If you’re going to the movies today, don’t see Snowpiercer.
Don’t get me wrong…I think it was a good movie. It may even be a great one.
Snowpiercer is about the last remnants of humanity, who all live aboard a specially-engineered train that protects them from the outside environment. Since a failed geo-engineering effort ended up overcompensating for global warming, the Earth has become, well, Hoth. As far as these folks on the train know, they’re all that’s left of life – of any kind – on the planet. The movie is set 17 years after the doors of the train closed and it began its never-ending circuit around the world (yes, world…I’ll get to that). The train is stratified into the first class “ticketed” passengers who live in luxury at the front of the train, and the abused refugees who live in the rear. (Incidentally, I’ve never read the graphic novel that this movie is based on, so I can’t speak to whether any of this adheres to the original).
The movie follows Curtis, played by Captain America himself (Chris Evans), one of the unwashed, unticketed, and unloved passengers crammed into the caboose. Having been relegated to horrible poverty and humiliation for 17 years has made our boy Curtis into something of a radical, and when we meet him he’s plotting to break into the front of the train, along with a number of his downtrodden compatriots. Helping him are an elderly mentor (John Hurt) and a secret correspondent from the first class section.
Thematically, the film circles around ideas of sacrifice, social stratification, and ecological balance. In some ways, you’ve seen pieces of this movie before. The overall class conflict feels a lot like the one in Metropolis (the old German film, not the anime), while other elements feel borrowed from The Matrix Reloaded, Brazil, and even Bioshock. However, Snowpiercer does manage to effectively mix a number of different components – post-apocalyptic sci-fi, political commentary, and action, while also incorporating a host of grotesque and absurdist elements. It’s these elements that really make the movie shine. Without getting too much into important plot details, there are moments of gut-punching horror (of the Sophie’s Choice kind, not the Friday the 13th kind), coupled with unexpected bouts of humor (such as the interruption of a pitched battle for a New Year’s countdown) and sheer absurdity (pretty much every scene Tilda Swinton is in).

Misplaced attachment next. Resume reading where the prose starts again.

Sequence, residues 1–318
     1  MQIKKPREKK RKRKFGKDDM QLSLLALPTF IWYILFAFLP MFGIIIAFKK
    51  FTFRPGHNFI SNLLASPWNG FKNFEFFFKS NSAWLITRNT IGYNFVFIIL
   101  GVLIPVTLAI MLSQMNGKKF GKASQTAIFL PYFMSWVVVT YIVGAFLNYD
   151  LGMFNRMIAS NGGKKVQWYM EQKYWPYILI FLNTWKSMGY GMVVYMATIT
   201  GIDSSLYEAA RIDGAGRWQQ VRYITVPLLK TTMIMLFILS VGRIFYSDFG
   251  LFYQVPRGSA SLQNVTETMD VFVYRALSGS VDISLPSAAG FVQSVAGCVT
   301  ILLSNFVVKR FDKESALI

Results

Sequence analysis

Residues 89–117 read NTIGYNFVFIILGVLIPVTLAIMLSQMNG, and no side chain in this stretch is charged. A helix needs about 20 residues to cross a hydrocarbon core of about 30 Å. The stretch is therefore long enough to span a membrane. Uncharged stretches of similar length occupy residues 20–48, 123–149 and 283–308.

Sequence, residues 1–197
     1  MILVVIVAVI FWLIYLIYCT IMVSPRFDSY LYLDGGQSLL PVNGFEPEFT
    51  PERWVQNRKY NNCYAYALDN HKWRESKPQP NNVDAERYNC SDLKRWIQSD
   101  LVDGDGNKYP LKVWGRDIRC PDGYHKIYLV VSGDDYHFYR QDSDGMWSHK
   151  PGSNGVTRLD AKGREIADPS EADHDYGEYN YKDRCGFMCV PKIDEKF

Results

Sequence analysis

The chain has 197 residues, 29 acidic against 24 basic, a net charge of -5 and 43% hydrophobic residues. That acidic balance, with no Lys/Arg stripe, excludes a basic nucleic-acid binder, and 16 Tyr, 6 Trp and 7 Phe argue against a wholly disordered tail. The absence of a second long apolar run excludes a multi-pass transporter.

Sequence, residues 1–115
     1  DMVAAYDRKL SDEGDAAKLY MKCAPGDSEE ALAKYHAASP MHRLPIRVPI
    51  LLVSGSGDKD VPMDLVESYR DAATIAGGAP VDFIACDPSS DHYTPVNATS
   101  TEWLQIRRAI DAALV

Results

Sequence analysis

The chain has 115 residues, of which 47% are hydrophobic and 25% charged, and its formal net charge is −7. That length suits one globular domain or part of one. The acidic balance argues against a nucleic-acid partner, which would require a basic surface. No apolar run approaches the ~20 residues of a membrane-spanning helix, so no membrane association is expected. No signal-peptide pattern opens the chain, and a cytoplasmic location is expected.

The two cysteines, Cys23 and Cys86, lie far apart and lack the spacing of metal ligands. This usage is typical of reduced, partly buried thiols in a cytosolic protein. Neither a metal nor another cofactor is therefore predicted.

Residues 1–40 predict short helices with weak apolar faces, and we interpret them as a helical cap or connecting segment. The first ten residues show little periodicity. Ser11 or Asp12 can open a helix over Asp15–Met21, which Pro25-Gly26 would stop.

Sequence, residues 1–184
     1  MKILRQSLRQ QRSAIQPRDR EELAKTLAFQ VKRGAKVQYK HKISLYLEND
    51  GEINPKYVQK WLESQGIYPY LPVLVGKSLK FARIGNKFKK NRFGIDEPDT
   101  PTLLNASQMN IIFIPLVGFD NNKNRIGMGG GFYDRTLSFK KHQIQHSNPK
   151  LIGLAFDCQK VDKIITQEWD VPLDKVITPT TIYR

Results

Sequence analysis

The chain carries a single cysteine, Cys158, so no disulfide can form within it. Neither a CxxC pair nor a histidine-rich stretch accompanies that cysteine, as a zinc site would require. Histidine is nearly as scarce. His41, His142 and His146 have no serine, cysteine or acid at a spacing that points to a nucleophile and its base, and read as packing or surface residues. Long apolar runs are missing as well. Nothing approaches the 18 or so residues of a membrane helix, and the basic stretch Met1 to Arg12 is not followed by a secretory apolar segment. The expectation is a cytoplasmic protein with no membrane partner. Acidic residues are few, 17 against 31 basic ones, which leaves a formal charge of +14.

Now, some parts of the movie didn’t work as well for me. Given that these people have only been on the train for 17 years, it seems odd for a religion to have grown up around the engine (give me a generation or two and I’d buy it). There are a couple of other minor plot holes, along with a few head-scratchers that pull you away from the movie (like the fact that the train is circling the world). But by and large these didn’t affect my enjoyment of the film. I mean, it’s hard to fault a movie for not being perfectly logical when its absurdist elements are what make it so unique.
So, given all this, why did I suggest above that you skip this movie in the theaters? Well, through some bizarre decision-making process that I won’t pretend to understand, Snowpiercer is already for sale on iTunes. Just go and buy the damn thing; there’s nothing in the film that really needs to be seen on the big screen, and you’re definitely going to want to watch it a second time.
James Lackey has lived in Hampton for almost his entire life because he enjoys the lack of big city cultural experiences coupled with the absence of small town charm. He went to William and Mary for a Computer Science degree (and left with a Philosophy one), before going back to school in 2007 to get his Master’s in Public Administration. He currently works at the Government Accountability Office. In his spare time, he helps raise his three daughters (Ruby, Inara, and Maeven), makes fun of bad movies, and tries not to melt circuit boards.